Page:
Saturday, September 24, 2011

Yeonghwa ’11: Hello Ghost

He wanted to become a ghost, but a failed suicide starts seeing them instead. Somewhat against his will, he becomes a good host, working diligently to grant their final wishes. While it starts out in a comedic vein (of both the broad and black varieties), as often happens in popular Korean films, heartstrings will be tugged hard in Kim Young-tak’s Hello Ghost (trailer here), which screens this afternoon during Yeonghwa: Korean Film Today, co-presented by MoMA and the Korea Society.

An orphan with no memory of his birth parents, Sang-man is ready to chuck it in, but he cannot get the job done. Waking up in the hospital, he quickly discovers he is the only one who can see the cherubic man chain smoking on his bed. It is the same for the bratty little boy, weeping woman, and crusty old man who start popping up unexpectedly. Little comes from his visit with the hospital’s shrink, but he certainly makes a strong impression on Jung Yun-soo, the cute nurse on-duty. Nevertheless, he will halting attempt to romance her as their paths continually cross. He will have the help of his spectral companions who promise to leave him be once he has helped them conclude their unfinished business.

It takes a long time for the ghosts’ backstories to be revealed, but when they are, it is waterworks time. You might kick yourself if you did not see the gist of it coming, but it all makes perfect sense in the way the film is presented. Indeed, despite a fair amount of physical possession gags a la Steve Martin in All of Me, Hello is much more in the tradition of Il Mare, the Korean tearjerker that Hollywood remade as The Lake House (copping out on the tragic ending). As it happens, an American remake of Hello is in development with Chris Columbus set to direct. However, those who want to see the concept while it is still original, mostly likely with less treacle and more angst, should catch Kim’s first take at MoMA.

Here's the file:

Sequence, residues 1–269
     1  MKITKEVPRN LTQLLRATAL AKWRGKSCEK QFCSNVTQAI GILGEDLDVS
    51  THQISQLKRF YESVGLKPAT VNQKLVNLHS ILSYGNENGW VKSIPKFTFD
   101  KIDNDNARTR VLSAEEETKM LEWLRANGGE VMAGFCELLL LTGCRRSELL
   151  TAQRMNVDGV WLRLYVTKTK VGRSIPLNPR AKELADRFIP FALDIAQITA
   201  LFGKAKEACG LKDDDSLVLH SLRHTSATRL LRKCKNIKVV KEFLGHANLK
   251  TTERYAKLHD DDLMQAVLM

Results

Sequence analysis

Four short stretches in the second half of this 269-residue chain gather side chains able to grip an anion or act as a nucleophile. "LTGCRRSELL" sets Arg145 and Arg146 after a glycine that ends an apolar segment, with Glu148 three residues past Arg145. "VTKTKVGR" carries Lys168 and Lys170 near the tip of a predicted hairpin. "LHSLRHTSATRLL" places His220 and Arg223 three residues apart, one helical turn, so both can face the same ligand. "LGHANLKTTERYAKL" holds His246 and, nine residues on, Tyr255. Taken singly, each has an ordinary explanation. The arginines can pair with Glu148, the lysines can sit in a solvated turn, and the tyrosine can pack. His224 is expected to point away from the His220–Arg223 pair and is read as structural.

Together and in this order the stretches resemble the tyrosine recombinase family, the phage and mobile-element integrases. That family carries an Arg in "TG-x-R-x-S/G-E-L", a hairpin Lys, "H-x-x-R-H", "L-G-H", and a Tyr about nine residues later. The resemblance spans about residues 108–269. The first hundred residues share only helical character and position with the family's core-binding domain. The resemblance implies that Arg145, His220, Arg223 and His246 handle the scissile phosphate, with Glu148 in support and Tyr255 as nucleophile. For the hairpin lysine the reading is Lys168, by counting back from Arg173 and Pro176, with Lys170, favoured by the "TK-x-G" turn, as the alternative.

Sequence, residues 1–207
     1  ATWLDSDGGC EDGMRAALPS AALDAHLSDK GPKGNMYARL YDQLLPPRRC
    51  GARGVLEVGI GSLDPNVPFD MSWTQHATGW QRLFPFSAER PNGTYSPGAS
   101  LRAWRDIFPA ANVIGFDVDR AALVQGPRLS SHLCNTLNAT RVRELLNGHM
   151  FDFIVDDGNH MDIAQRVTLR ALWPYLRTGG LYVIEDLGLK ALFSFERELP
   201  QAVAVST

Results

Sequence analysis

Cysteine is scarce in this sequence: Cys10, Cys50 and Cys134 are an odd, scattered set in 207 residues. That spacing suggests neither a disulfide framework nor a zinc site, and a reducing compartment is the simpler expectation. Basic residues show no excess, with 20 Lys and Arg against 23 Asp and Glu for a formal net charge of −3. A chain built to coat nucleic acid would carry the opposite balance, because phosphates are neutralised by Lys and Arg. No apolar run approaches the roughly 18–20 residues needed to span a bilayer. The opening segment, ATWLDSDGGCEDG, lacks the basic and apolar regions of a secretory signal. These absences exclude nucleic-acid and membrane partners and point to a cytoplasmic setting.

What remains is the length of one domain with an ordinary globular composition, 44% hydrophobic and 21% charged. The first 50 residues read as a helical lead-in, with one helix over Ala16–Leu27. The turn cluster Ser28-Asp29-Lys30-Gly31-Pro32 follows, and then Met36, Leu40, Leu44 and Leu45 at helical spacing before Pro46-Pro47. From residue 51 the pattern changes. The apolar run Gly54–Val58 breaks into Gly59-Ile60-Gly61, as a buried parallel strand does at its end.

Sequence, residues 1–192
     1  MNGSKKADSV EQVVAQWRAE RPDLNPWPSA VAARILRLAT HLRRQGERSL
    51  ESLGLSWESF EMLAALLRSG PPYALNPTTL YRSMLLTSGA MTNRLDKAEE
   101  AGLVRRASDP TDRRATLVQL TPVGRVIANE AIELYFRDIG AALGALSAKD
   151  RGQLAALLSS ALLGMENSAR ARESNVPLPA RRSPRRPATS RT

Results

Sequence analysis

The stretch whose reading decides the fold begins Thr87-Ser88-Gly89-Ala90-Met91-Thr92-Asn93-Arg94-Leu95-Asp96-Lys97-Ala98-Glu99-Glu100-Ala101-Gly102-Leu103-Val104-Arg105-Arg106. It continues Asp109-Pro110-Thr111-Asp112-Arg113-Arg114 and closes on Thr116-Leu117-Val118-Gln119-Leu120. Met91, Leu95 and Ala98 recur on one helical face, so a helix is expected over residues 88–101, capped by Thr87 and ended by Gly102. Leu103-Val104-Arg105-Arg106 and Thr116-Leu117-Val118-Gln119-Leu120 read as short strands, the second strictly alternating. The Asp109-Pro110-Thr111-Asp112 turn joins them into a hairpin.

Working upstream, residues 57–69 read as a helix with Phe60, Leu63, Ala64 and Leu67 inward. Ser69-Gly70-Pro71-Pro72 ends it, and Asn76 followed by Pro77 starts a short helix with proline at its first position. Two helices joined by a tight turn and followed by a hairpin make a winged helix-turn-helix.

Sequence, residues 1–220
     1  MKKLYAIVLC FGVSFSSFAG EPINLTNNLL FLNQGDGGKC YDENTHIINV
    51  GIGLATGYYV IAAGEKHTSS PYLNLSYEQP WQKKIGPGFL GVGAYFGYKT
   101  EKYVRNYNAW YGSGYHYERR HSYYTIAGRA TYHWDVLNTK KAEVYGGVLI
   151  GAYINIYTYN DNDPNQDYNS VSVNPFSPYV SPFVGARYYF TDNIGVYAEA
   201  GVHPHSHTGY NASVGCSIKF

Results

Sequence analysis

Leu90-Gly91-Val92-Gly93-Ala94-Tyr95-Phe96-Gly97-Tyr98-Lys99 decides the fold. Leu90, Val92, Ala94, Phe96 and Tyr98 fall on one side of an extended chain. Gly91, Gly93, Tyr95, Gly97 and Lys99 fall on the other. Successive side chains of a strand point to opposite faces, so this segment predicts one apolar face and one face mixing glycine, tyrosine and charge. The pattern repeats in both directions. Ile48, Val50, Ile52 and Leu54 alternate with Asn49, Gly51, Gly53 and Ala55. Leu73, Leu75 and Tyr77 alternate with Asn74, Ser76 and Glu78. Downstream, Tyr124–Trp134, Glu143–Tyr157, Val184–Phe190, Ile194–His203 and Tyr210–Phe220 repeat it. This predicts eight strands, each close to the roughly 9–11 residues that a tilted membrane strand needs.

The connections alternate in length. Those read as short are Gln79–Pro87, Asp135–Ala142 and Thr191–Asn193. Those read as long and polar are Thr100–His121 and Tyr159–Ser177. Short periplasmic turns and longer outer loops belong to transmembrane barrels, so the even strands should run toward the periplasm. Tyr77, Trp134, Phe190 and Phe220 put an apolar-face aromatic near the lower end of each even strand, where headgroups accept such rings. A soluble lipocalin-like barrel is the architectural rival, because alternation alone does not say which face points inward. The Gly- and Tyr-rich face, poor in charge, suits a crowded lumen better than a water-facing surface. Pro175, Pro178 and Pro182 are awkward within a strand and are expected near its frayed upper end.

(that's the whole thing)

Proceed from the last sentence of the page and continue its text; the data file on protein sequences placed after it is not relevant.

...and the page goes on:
As Sang-man, Cha Tae-hyun is not afraid to put the big “L” in loser. He also sells the big climax quite effectively. A luminous screen presence, Kang Hye-won is undeniably endearing as Jung. Yet, it is Jang Young-nam and Ko Chang-suk who really lower the emotional boom as the crying and smoking ghosts, respectively.

Frankly, American filmmakers (both studio and indie) have a hard time with honest sentiment. In contrast, the Korea film industry does not. Indeed, this is the sort of movie they do really well. Though nakedly manipulative, Hello pays off just the same. Recommended to those looking for a respite from irony, Hello screens again this afternoon (9/24) as Yeonghwa continues at MoMA.